The agent may also provide information to hang himself. Certainly, when the agent himself has misrepresented the policy or engaged in deceptive practices in the business of insurance, he is personally liable. See Tex. Ins. Code Ann., art. 21.21 2(a) and 16 (Vernon Supp. 1998); and Liberty Mutual Ins. Co. v. Garrison Contractors, Inc., 966 S.W.2d at 482.

Moreover, if you can substantiate that the agent violated the Deceptive Trade Practices Act or Insurance Code and the agent is a Texas resident, you may include the agent in the suit as well. This, of course, will in many circumstances, prevent the other Defendants from removing the case to federal court.

D. Dealing with the Fire Marshall
In a fire loss, the fire marshall can be helpful to determine if there was arson involved. Although the fire marshall is not required to provide reports which reveal an investigation of a pending arson claim under the Texas Open Records Act (Tex. Gov’t Code Ann. 552.108 (Vernon Supp., 1996)), he or his office may be able to assist with the reasonableness aspect of a carrier’s conduct. For instance, if the fire marshall believes that there was no arson or your client was not involved in setting the fire, it buttresses the bad faith claim if the carrier argues differently.

Moreover, a fire marshall testifying on behalf of your client is much like the police officer testifying in your client’s favor in a car accident case. People in uniform who hold positions of authority tend to be viewed more favorably than the average person or traditional expert in the eyes of the jury.

Regardless of whose side the fire marshall may be on, counsel must be aware of the officer’s opinions as well as what clues lead him or her to that position. Have they focused on a particular subject? Why do they believe it is arson? Has this type of fire occurred in the area before? Is this location or neighborhood a hotbed for arson? The list of questions goes on and on. You must talk to the fire marshall before filing suit in order to plan your litigation strategy.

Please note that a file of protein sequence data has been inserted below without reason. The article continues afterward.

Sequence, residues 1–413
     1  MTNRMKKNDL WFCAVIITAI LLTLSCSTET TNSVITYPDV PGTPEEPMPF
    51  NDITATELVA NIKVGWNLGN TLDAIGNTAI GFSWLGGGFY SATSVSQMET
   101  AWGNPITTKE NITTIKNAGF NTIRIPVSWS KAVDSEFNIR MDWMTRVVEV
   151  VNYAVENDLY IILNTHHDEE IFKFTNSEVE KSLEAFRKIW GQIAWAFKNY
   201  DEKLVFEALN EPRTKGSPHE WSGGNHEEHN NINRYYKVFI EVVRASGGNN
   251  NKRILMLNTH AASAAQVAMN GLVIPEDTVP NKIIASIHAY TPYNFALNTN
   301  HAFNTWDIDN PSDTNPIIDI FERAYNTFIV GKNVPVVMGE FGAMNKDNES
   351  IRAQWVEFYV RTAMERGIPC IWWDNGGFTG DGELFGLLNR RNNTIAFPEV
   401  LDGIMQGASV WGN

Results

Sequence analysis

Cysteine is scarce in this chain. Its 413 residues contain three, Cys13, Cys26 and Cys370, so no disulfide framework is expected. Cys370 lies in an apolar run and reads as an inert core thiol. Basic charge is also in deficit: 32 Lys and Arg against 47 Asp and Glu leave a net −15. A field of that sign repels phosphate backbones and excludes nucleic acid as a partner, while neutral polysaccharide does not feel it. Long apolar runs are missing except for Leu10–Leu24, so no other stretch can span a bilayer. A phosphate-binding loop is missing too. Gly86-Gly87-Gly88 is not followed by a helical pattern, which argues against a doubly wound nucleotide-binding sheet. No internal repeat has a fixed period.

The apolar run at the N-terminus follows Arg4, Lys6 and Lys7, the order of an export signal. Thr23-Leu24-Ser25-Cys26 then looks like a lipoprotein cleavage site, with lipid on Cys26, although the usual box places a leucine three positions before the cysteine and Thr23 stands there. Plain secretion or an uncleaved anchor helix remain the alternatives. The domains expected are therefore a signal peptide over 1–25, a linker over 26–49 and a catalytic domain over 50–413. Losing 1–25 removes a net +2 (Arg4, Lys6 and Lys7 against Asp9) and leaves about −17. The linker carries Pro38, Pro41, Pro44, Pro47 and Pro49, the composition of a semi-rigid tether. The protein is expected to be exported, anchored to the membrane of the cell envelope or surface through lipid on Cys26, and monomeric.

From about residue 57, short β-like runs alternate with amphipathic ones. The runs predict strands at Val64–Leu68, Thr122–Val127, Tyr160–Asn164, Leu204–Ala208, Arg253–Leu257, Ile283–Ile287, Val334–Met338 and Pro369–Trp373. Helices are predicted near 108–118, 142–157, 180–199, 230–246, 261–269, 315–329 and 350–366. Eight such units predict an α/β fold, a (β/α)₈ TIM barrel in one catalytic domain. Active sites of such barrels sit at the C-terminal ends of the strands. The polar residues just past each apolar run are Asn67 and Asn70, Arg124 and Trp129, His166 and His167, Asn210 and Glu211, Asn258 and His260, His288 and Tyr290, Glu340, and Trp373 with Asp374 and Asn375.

E. Moriel Letters
Another tool for enhancing litigation strategy is a Moriel letter. If the insured or client suffers damages that are independent and quantitatively different from breach of contract, punitive damages are permitted. Transportation Ins. Co. v. Moriel, 879 S.W.2d 10 (Tex. 1994). The carrier must have a subjective awareness of the extreme risk associated with its conduct. Id. at 21-23.

Given Moriel, it would now seem appropriate to write a letter to the carrier detailing specifics and illustrating graphically the harm that has been caused or will result if the carrier denies the claim, continues its denial, or delays payment. This may be especially true where medical treatment is involved.

F. Other Litigation Against the Carrier or Plaintiff
One of the absolute best sources for information is other litigation against the insurer both statewide and nationally. Whether the carrier has taken inconsistent positions, used the same experts over and over, engaged in abusive or obstructive discovery, or just litigating the same issues in another venue, the material can provide substantial evidence to support a bad faith claim. Networking with other attorneys may provide depositions of witnesses, claims personnel, and experts. Setting up a party to give inconsistent testimony will give the jury a reason to get aggravated and stick it to the offending party.

G. Experts
Experts should be consulted and retained. If you need expert testimony and no one will back up your case, it is only a matter of time before your opponent will exploit this weakness. Choosing the expert up front provides you first choice; it also sends the message to your opponent, you are ready to go.

H. Summary
These are but a few devices one should employ before filing suit. Of course, the better the preparation, the more credible the case and the more likely you will be steps ahead of the opposition. All the resources discussed are basically inexpensive and can supply necessary ingredients to a successful resolution of the claim or lawsuit.

Mark A. Ticer

Related Causes Of Action

Part and parcel of any bad faith lawsuit is a claim for breach of contract. Other causes of action which also flow from such claims include fraud, negligence, and violations of Articles 21.21 and 21.55 of the Texas Insurance Code.[1] Each of these causes of action must be considered in the context of any bad faith claim.


Almost every bad faith cause of action must include breach of contract claim. Indeed, a breach of contract claim is usually a prerequisite to any bad faith claim. Republic Ins. Co. v. Stoker, 903 S.W.2d 338, 340 (Tex. 1995). However, there are exceptions to this rule. See Viles v. Security Nat. Ins. Co., 788 S.W.2d 566, 567 (Tex. 1990) (holding that a Plaintiff can recover for the insurers bad faith even where no breach of contract has occurred). This exception may also apply where there is no breach of contract but Plaintiff established the insurer and/or its agent misrepresented coverage. Celtic Life Ins. Co. v. Coats, 885 S.W.2d 96, 98 (Tex. 1994).